Craig's Bond is a blue-eyed sociopath, a man who kills when it's convenient and without remorse or much in the way of affect. Quantum is a lousy Bond movie; Bond movies are Western kabuki, highly formalized, and Quantum ignores most of the formalities. We don't get the right music, we don't get the "Bond, James Bond," we don't get the gadgets, we don't even get "shaken, not stirred" -- Miss Moneypenney is gone, and so is Q. And I don't care much. We get a man struggling to hang onto the shreds of his humanity, and I'm there. I'm willing to wait and watch this Bond evolve toward the more elegant Bond of the Connery/Brosnan mold.

He certainly does look good in a tuxedo.

Next episode, please.

It turns out ...

... that HDTV is not an unalloyed blessing. I had clear memories of Ursula Andress coming out of the showers naked in Dr. No -- I saw a 1080P copy of the movie recently, and in fact she's wearing a flesh-colored one-piece.

Technology giveth, and technology taketh away ... I've seen two high-def porn movies at this point, and it may be that there's a resolution limit beyond which porn should not be shot. DVD resolution, maybe. Just thinking aloud on that one.

(Still ... Phoebe Cates in "Fast Times at Ridgemont High" justifies HDTV pretty much all by herself. I am not really open to discussion on this point.)

It turns out ...

... that David Tennant is leaving Doctor Who after the 2009 season. I haven't written about Doctor Who on this blog before -- I just discovered the relaunched Who in the last year, and as with Battlestar Galactica, went through it in a couple dozen sessions -- and it's brilliant, a show that all by itself has defined a Golden Age of science fiction.

I've also watched Torchwood, the spinoff series, and while it's OK (and pretty gay), it's not up to the standards of invention of the Eccleston (one season) and Tennant (four seasons so far) Doctor Who. The current Doctor is the last survivor of the Time War, a strikingly lonely man or alien or whatever he is, who's out to have fun and do the right thing. There's the suggestion that he killed millions in the Time War, destroying the race of the Time Lords and their Dalek enemies in that conflict -- but we're never shown the war, just the aftermath (a good decision, that)..., in which an immortal man, the last of his kind, keeps his head up and keeps swinging away at what the universe throws at him.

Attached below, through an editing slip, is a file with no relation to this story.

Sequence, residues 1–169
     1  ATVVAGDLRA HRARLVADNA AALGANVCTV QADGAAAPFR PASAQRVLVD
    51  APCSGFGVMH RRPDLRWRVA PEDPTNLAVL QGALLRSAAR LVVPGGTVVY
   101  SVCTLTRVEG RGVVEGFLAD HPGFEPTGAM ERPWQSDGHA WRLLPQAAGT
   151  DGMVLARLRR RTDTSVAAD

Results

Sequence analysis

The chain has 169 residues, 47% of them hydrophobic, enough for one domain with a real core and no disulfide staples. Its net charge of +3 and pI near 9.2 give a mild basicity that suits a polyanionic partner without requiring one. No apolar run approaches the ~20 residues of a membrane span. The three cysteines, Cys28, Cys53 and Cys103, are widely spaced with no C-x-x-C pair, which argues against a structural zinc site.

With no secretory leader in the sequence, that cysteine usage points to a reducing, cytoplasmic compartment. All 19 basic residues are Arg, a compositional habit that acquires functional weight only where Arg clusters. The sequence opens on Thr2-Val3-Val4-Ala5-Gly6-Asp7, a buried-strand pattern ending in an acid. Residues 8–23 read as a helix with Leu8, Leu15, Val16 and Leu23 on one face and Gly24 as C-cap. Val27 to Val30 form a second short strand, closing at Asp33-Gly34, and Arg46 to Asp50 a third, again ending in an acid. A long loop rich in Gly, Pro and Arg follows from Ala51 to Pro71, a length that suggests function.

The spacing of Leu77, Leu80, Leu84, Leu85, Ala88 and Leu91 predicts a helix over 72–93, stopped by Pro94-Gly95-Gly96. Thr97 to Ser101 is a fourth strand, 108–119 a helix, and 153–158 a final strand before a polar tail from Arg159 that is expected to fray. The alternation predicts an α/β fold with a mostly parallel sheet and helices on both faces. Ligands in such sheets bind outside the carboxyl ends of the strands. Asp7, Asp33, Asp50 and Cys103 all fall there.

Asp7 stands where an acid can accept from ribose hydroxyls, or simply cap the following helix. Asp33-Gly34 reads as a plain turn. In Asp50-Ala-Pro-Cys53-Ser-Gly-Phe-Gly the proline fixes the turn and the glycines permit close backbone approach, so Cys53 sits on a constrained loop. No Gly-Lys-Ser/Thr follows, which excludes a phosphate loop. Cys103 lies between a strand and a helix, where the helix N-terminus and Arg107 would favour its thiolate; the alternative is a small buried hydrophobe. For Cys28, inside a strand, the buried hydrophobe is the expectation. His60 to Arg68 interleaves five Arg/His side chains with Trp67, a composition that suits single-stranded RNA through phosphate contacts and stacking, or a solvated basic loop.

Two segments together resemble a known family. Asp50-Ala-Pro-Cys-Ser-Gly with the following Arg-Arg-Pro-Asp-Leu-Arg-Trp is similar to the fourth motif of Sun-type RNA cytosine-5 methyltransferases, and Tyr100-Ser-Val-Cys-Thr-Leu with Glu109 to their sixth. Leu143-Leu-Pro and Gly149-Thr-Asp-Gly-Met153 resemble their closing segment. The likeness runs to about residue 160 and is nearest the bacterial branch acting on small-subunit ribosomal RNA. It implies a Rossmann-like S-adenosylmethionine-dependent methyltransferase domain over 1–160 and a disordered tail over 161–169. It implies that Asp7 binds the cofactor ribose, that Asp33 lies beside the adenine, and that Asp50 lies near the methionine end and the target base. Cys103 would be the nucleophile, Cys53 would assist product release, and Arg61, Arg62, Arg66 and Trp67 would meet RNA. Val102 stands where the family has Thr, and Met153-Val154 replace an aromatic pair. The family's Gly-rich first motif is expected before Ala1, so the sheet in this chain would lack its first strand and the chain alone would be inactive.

There are iconic moments -- in particular the ending of "The Family of Blood," which has a downright epic conclusion to the tale of evil, short-lived aliens who want to live forever, running head-on into the last of the Time Lords ...

He never raised his voice, that was the worst thing. The fury of the Time Lord.

And then we discovered why, why this Doctor who had fought with gods and demons, why he had run away from us and hidden.

He was being kind.

He wrapped my father in unbreakable chains forged in the heart of a dwarf star.

He tricked my mother into the event horizon of a collapsing galaxy to be imprisoned there forever.

He still visits my sister once a year, every year. I wonder if one day he might forgive her but there she is, can you see? He trapped her inside a mirror ... every mirror. If ever you look at your reflection and see something move behind you just for a second, that’s her. That’s always her.

As for me, I was suspended in time and the Doctor put me to work, standing over the fields of England as their protector.

We wanted to live forever.

So the Doctor made sure that we did.

Careful what you wish for. Tennant plays the Doctor again in four more one-hour specials -- five more hours of the best science fiction ever televised.

It turns out ...

... that people who kill children are prone to other failings as well.


The Last Dancer copies should ship at Thanksgiving. Sorry, I've been on the road and swamped. But home again and catching up.

(Thought about calling this "thoughts from the road," but I ran across the "turn out" quote again, and I like it better ....)

Yes, more AI War coming. And another chunk of Last Five Exits, too.

It's been suggested that the way I'm categorizing these posts is useless to most people -- I can see that. I'm going to add more generic posts categories going forward:

Fiction (mine)
Fiction (not mine)

Maybe a couple others. I suppose I could add one for Alan Rodgers as well, but most of that material's going on over to the Alan Rodgers Experience. There are probably another half dozen posts going up over there -- some video from my daughters, a complete copy of the dependency court document on the death of Anthony Rodgers and the abuse that infant suffered before he died, a few other things. And then that blog will be allowed to sit, unless something interesting happens that's worth commenting on. I've got even money on a murder-suicide somewhere down the road.

Amy Casil, a downright remarkable human being, has sent me half a dozen psychotic messages lately -- one of them bragging about how many friends she's got. I'm curious if any of them have children, and if so, how many of them would let the love of her life babysit, unsupervised....


I'd be lying if I said I wasn't going to miss George Bush at all. He's been great for comedy. This, amazingly, is not photoshopped -- I got it directly off the White House website.